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Brandon M.
Brandon M., Counselor at Law
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Experience:  Attorney experienced in numerous areas of law.
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In NC Tenancy Law, regarding how offers and counter offer's

Customer Question

In NC Tenancy Law, regarding how offers and counter offer's work in a claim that is going to court, is it standard practice to counter an extremely low 1st offer?
I need to know how risky it is to counter a "nuisance offer" given that my lawyer is not handling the case well (made a few big mistakes) and that it sounds like he has not provided sufficient evidence to the opposing council. I have asked what evidence he could add to support the claim, but he seem to feel he has provided all that is needed. This may be the case, but I do not want to counter and end up having to go to court due to the weak case this lawyer presented and the unfavorable laws in place in my state. (Given this lawyers track record, I am certain he'd lose the case.)
Is it a standard practice that my lawyer counters the nuisance offer and then the opposing council makes an offer to our counter - or - is it possible that by countering the nuisance offer the opposing council will then just refuse to make any further offers and we have no choice but to go court?
IF the later happened, is it probable that a lawyer could negotiate back to the original nuisance offer?
Submitted: 1 month ago.
Category: Legal
Expert:  Brandon M. replied 1 month ago.

Good day, my name is Brandon. I am a licensed attorney. There are several different negotiating styles, and there are certainly some attorneys who will make a low offer just to see if the other side will bite. The other side's low offer gives absolutely no insight whatsoever into their view of the strength of their case.

​Personally, when there is an unreasonably low offer from the other side, I won't make a counter-offer. I do this to send the signal that I'm not willing to settle unless there's a serious proposal on the table. Good attorneys can't disagree with that tactic.

​If you are intent on avoiding court, that will show through in your negotiation. Plenty of cases are settled on the morning of trial. It's entirely possible that the others side will reject your offer and take it to court, only to counter just before trial starts.

​It must be kept in mind that if it was possible to know what the other side will accept in a settlement negotiation, the negotiation wouldn't take place at all. Each side has to decide what they're willing to offer, what they're willing to accept, and then go to trial if those terms aren't met.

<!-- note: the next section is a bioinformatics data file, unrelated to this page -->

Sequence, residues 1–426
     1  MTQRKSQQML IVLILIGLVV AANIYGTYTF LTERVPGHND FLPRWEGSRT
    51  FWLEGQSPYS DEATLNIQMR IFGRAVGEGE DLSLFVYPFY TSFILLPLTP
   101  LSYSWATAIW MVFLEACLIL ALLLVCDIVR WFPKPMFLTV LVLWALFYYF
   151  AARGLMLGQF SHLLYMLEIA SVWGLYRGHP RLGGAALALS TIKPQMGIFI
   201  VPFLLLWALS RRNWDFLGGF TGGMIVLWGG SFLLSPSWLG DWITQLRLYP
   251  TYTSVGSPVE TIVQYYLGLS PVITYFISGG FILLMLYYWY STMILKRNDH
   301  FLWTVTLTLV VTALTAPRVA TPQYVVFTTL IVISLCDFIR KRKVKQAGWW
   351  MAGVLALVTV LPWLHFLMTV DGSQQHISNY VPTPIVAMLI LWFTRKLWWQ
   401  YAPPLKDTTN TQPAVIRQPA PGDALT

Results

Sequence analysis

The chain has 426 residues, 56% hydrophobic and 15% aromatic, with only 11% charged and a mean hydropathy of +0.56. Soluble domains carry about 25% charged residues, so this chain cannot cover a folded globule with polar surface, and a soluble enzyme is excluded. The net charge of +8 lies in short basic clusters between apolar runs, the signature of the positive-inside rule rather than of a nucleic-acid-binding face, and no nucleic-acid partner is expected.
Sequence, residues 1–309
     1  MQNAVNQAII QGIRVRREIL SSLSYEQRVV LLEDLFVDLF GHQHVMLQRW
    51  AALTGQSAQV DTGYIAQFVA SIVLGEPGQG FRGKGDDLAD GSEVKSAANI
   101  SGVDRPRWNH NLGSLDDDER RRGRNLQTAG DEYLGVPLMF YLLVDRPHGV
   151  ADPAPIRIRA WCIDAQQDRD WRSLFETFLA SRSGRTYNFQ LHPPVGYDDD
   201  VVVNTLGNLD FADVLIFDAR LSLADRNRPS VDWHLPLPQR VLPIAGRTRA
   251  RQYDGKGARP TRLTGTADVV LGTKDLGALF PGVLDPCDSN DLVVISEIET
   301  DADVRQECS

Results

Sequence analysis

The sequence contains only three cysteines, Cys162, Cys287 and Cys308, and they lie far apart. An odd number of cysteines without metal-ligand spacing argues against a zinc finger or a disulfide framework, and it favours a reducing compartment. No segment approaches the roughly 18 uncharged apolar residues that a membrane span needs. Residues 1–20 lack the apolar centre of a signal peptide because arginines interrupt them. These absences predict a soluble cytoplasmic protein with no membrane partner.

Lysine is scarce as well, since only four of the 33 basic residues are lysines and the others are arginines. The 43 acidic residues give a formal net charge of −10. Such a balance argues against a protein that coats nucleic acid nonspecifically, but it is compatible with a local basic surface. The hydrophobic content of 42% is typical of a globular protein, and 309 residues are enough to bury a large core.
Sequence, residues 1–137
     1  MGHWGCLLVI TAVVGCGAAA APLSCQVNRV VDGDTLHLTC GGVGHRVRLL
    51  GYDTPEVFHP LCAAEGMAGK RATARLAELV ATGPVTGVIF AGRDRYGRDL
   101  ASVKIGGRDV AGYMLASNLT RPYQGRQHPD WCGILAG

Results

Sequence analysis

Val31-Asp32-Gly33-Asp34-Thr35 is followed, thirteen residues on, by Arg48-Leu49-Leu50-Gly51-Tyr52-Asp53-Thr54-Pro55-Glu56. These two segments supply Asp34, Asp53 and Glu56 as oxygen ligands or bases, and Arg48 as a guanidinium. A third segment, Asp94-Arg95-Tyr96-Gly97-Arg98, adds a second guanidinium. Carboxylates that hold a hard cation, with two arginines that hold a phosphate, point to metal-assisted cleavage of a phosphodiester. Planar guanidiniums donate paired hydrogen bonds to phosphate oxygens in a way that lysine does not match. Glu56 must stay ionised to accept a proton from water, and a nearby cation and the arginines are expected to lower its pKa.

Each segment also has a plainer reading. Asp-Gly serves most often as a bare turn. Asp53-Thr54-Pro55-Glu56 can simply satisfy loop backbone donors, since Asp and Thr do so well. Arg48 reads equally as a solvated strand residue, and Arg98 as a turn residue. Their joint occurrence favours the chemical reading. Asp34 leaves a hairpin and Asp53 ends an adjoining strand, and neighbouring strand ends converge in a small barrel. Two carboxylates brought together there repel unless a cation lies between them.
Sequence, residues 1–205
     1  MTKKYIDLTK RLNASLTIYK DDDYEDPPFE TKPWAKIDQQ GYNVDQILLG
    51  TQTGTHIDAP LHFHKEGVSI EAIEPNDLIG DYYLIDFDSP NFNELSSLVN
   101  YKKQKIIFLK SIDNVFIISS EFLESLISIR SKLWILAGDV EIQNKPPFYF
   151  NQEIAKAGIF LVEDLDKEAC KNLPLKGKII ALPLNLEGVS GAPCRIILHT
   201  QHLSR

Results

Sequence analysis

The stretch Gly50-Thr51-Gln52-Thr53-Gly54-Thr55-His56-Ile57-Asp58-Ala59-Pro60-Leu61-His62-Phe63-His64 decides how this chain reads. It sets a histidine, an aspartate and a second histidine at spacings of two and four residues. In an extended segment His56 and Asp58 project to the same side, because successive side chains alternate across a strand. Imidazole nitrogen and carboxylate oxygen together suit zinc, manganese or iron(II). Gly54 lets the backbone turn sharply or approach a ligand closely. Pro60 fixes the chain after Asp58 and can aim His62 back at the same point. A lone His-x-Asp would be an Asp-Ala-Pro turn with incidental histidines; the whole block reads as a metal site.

​Please let me know if further clarification is needed, and please leave a rating once you are finished (it is the only way I am credited). Thanks.

Expert:  Brandon M. replied 1 month ago.

One final comment: whether to make a counter offer is ultimately the decision of the client. It is entirely appropriate for an attorney to make his/her recommendation with regard to settlement, but the attorney should be able to articulate the reasoning behind the recommendation. I hope that this helps.

Customer: replied 1 month ago.
Hi Brandon, Thanks for your reply. Just to be clear are you a NC tenancy lawyer (or have experience dealing with our laws) and are you specifically talking about negotiating tenancy cases or just in general?My current lawyer has already given me the general info. I'm looking for something more specific so I know how to deal with this issue given that my lawyer can't seem to communicate well.Like I said, given this lawyer's errors, I don't trust him and do not wish to go to court. I would like to settle and cut my losses, but the original offer from the insurance's council is very low. I need to know, according to NC law, what is standard behavior for such a case. I don't want to take a very low offer nor do I want to ask for a higher offer and end up in court with this lawyer I have and I can't afford to start over with a new lawyer.
Expert:  Brandon M. replied 1 month ago.

I am a tenancy lawyer, but I'm not in North Carolina. If it makes you feel any better, there's literally no variation across jurisdictional lines when it comes to negotiations.

The negotiation of settlements process isn't governed by state law or any law, so I'm not sure that I understand the question as it relates to the standard behavior for such a case?

Customer: replied 1 month ago.
My state has some very extremely pro-landlord laws making it virtually 99% in favor of the landlord in all cases. That would certainly impact the negotiation process having that knowledge. I really need advice from a NC tenancy lawyer. Thank you for your time, but this was not the answer I needed.

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